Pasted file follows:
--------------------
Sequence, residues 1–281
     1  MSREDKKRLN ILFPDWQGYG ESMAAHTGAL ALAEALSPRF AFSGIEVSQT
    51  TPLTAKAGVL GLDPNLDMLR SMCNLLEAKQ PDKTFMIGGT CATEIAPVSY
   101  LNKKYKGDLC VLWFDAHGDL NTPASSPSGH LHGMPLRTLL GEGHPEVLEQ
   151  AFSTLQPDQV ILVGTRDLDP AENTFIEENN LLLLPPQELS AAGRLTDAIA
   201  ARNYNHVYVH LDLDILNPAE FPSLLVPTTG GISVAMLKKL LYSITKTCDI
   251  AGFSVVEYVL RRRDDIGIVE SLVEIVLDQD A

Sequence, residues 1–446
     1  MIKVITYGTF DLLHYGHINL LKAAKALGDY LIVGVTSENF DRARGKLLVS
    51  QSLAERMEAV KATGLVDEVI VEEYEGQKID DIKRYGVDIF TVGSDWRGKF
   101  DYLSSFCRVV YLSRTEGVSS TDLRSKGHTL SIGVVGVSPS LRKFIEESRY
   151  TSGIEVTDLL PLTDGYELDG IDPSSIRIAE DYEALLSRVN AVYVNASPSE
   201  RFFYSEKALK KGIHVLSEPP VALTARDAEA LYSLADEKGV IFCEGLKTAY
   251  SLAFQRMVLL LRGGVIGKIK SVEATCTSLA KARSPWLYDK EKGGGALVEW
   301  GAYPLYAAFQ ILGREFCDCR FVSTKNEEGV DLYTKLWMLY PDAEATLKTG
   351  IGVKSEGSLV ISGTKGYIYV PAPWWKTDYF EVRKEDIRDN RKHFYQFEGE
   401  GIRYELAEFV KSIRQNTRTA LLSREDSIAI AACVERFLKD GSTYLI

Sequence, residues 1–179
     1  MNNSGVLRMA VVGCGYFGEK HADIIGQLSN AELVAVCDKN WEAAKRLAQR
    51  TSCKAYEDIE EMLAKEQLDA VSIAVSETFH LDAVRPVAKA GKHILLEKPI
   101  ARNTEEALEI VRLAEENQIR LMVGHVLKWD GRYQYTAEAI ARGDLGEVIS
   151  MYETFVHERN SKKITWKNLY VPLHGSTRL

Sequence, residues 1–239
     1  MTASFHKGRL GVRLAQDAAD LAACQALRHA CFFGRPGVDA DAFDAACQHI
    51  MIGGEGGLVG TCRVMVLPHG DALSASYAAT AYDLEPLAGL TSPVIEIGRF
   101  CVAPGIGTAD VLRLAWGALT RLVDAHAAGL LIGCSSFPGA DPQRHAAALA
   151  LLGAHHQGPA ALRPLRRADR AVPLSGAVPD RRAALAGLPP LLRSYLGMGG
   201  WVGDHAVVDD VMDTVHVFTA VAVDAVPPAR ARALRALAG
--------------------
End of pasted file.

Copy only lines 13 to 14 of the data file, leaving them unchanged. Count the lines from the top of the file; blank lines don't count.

   201  RFFYSEKALK KGIHVLSEPP VALTARDAEA LYSLADEKGV IFCEGLKTAY
   251  SLAFQRMVLL LRGGVIGKIK SVEATCTSLA KARSPWLYDK EKGGGALVEW